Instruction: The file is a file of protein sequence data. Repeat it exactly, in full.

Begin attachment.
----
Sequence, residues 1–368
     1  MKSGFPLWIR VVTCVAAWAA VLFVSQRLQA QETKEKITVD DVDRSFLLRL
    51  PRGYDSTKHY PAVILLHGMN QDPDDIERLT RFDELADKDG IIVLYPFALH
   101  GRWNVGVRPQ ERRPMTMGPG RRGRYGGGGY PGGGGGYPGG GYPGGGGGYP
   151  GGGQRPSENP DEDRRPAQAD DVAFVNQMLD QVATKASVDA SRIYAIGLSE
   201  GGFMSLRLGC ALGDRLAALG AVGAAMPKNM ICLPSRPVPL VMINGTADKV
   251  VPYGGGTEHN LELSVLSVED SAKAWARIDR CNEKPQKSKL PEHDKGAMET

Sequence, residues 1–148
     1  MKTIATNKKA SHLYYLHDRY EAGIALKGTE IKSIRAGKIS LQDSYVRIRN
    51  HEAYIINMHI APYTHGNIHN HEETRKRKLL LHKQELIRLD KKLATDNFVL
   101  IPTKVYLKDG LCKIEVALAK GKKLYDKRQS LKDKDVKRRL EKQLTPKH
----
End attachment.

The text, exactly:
Sequence, residues 1–368
     1  MKSGFPLWIR VVTCVAAWAA VLFVSQRLQA QETKEKITVD DVDRSFLLRL
    51  PRGYDSTKHY PAVILLHGMN QDPDDIERLT RFDELADKDG IIVLYPFALH
   101  GRWNVGVRPQ ERRPMTMGPG RRGRYGGGGY PGGGGGYPGG GYPGGGGGYP
   151  GGGQRPSENP DEDRRPAQAD DVAFVNQMLD QVATKASVDA SRIYAIGLSE
   201  GGFMSLRLGC ALGDRLAALG AVGAAMPKNM ICLPSRPVPL VMINGTADKV
   251  VPYGGGTEHN LELSVLSVED SAKAWARIDR CNEKPQKSKL PEHDKGAMET

Sequence, residues 1–148
     1  MKTIATNKKA SHLYYLHDRY EAGIALKGTE IKSIRAGKIS LQDSYVRIRN
    51  HEAYIINMHI APYTHGNIHN HEETRKRKLL LHKQELIRLD KKLATDNFVL
   101  IPTKVYLKDG LCKIEVALAK GKKLYDKRQS LKDKDVKRRL EKQLTPKH